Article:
I’m in the current issue of Mystery Readers Journal talking about my roots in the Midwest. Thanks are due to the fine hostess, Janet Rudolph. Although I’ve not lived in my home state in ages, something of that heritage remains. Pick up a copy!
Listen to me have a natter with Hannah Kate on Hannah’s Bookshelf. It’s a free ranging discussion that takes in my many writing hats from academic to crime and historicals as well as the weird fiction that comes out under my own name. At the end I choose the three books I’d like to have left after the apocalypse. Have a listen!
How is it possible that I was interviewed on Manchester radio and never once mentioned The Fall?! Not sure, but I had a great time talking with Hannah Kate, whom you might know from Hic Dragones as well as her radio interviews. Last week she had Ramsey Campbell on, so be sure to check out her other interviews.
Tune in today at 2pm UK / 9am NY for Hannah’s Bookshelf on North Manchester FM (if you’re in the area) or listen online wherever you are! Find out how I juggle my pseudonyms, what I’m up to next, why I love #FolkloreThursday and what three books I’d want to have on hand for the apocalypse. Be sure to let Hannah know what you think.
I started the day teaching from the Sermo Lupi and making comparisons to current apocalyptic predictions. In 1014, Wulfstan made similar prognostications about the lack of a future, due of course to our sinfulness, leofan men. I tried to point out to them that medieval folk would have had many of the same reactions as we do — mostly because they had to get back to the work of getting enough food to live on.
Actually I started with my students working on their productions of Hrotsvita’s plays, but I didn’t have to do much in that class except answer questions while they practiced and did some blocking. I love Hrotsvita: her works run from would-be necrophiliacs to virgins threatened with the brothel life and deals with devils. Drama is so much better when the students perform it. They actually understand what’s happening!
Of course, I need to pack as I am on the road tomorrow to #RallyinRaleigh for Bouchercon. Hope to see a lot of folks there. I’ll be in Graham Wynd mode, promoting both Chastity Flame (first novel free in your bag thanks to Smashwords) and of course, Satan’s Sorority.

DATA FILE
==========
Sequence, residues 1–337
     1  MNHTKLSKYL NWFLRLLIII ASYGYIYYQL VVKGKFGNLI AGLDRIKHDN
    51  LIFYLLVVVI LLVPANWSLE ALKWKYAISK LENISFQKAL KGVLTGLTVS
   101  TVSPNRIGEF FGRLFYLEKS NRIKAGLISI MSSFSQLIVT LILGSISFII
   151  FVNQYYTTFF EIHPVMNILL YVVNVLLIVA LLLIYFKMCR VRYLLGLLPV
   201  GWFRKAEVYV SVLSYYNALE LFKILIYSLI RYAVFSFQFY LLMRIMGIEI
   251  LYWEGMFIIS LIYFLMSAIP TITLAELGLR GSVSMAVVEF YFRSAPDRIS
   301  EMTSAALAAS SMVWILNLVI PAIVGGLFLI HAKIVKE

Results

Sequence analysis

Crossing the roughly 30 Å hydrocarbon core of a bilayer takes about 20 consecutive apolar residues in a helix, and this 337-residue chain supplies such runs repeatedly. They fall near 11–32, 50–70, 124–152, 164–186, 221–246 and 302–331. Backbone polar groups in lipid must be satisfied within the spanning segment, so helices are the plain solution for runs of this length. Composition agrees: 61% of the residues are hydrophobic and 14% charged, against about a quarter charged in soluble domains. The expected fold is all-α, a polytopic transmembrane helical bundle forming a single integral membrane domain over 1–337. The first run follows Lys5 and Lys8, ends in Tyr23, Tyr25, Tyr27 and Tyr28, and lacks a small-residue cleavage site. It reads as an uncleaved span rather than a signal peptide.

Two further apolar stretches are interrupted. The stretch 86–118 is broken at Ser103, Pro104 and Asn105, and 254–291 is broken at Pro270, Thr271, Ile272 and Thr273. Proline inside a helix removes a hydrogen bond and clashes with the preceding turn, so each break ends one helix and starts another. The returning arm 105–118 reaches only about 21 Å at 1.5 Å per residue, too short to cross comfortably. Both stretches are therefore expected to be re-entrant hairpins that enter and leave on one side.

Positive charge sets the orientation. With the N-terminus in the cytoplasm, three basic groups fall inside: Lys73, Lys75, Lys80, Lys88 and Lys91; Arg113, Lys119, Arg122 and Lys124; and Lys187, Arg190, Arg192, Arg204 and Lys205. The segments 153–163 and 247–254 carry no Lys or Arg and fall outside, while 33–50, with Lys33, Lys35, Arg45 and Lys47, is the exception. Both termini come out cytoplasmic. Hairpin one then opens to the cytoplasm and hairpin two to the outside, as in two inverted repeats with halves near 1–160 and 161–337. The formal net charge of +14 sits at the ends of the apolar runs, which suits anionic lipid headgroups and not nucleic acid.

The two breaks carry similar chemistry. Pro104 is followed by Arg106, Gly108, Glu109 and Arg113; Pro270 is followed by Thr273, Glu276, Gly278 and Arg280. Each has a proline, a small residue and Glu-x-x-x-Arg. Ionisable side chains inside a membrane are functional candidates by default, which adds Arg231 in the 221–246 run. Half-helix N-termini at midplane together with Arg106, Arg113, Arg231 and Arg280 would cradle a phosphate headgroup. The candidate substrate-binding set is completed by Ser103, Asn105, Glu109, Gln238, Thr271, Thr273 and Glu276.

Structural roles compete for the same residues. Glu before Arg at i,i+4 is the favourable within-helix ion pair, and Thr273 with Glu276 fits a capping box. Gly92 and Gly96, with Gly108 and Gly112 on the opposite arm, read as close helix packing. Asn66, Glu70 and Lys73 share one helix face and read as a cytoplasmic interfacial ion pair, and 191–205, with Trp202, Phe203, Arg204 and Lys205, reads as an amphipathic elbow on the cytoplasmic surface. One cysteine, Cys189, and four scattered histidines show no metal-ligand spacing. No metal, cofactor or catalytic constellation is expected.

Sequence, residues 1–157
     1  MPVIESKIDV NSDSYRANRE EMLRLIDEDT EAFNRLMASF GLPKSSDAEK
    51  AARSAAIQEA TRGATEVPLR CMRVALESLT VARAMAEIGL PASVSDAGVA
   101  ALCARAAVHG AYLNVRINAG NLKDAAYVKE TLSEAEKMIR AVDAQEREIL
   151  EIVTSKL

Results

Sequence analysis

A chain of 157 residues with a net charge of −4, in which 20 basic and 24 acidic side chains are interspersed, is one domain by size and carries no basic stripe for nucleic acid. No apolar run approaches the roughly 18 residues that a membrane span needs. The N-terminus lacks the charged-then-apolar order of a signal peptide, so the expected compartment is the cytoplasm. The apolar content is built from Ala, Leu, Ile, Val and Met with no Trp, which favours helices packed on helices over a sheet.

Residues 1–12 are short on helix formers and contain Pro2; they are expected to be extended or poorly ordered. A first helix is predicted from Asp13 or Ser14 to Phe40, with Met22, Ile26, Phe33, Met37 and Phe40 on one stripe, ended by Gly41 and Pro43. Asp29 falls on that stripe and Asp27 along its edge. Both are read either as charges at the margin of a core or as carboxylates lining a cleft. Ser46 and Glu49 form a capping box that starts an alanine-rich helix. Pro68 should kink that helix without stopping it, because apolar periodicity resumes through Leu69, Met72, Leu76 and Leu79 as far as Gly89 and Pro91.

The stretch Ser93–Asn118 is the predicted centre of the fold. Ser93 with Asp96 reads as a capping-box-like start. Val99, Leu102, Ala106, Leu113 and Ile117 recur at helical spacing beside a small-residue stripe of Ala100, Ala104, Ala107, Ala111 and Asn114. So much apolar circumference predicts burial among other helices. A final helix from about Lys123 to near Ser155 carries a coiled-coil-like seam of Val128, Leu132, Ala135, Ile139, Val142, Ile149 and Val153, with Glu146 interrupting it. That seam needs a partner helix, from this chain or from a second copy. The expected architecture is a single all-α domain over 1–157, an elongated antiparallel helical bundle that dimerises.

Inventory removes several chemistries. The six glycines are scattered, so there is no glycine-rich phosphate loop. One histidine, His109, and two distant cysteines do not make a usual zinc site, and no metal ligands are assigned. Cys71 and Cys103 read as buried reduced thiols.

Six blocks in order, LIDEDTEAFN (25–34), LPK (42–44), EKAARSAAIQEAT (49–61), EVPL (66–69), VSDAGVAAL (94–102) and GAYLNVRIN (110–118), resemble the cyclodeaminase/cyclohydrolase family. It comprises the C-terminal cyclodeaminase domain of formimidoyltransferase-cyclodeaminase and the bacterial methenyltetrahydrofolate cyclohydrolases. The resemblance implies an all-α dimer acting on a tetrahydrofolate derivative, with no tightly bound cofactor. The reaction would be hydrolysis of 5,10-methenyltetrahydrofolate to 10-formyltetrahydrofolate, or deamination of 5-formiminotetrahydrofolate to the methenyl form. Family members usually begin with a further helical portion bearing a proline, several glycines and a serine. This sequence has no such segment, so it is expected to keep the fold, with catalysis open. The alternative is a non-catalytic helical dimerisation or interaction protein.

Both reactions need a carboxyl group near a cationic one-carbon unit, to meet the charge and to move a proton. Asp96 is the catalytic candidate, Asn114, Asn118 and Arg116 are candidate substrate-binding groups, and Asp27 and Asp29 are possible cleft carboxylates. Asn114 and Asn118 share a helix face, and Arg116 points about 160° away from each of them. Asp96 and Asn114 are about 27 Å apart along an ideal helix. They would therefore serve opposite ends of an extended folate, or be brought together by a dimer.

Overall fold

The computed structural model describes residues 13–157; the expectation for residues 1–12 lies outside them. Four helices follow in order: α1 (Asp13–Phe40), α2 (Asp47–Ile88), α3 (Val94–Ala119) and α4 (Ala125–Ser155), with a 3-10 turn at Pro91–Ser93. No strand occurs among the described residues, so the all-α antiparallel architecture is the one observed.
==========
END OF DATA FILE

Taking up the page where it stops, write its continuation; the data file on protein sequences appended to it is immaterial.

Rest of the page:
If you missed Friday’s programme, it was a short one with humour (the cardinal rule, keep it short) with Graham Wynd‘s ‘Ham on Heels’ and Henri Bergson. Be sure to check out all the interviews with the Rogue anthology authors at Graham’s webpage.
Tonight at 7pm I’ll be at the Arts Center of the Capital Region reading my poem “Songs of Defiance” in the Speaking Truth to Power event. It’s free! I wrote the poem after the 2004 elections, while despairing in Houston, and it appeared in the Occupy Wall Street Poetry Anthology right next to a poem from Alessandra Bava! Working on my multimedia presentation even though it’s not certain we’ll have the tech (and excuse to gaze lovingly at Blake images).
And happy birthday Euan!
Where do ideas come from?
Creative folk get asked that a lot and the answer is always everywhere, but sometimes I find it interesting to write down the chain of sparks that started a fire, so to speak. I know “Ham on Heels” started with a conversation I had with Stephanie Johnson (Flint & Steel, baby!).
Of course I can’t recall at all what led to that image or what the conversation was about but as she often does, Stephanie turned the idea into a cool image. We both laughed with delight and I saved it on my ‘to-do’ list to write the story. I should check the email’s date to see how far back that was but it’s been a while.
So the next thing I did, in keeping with the rigorous creative process I maintain, was forget all about it. Or not exactly forget, but forget why I had this image in my head. Gradually it was replaced with the cool image that Stephanie made and there it languished.
And quite unexpectedly one day the story popped into my head, whole and Athena-like. Was it the same story? A new one? I have no idea. Seriously. I don’t know, but I wrote it and sent it to Jason at Pulp Metal Magazine who has a taste for the bizarre and it made him laugh, so he published it (it’s good to know editors’ tastes). Stephanie even tweaked the image a little to make it more perfect (I thought it was already!). I hemmed for a moment over who would get credit, me or Graham Wynd, but it seemed so quintessentially noir despite the bizarre, that in the end I went with Graham.
Yes, I have those conversations with myself. Oh, and my other selves. I contain multitudes.
Graham is on Twitter now, too. Follow him for more crime-related stuff.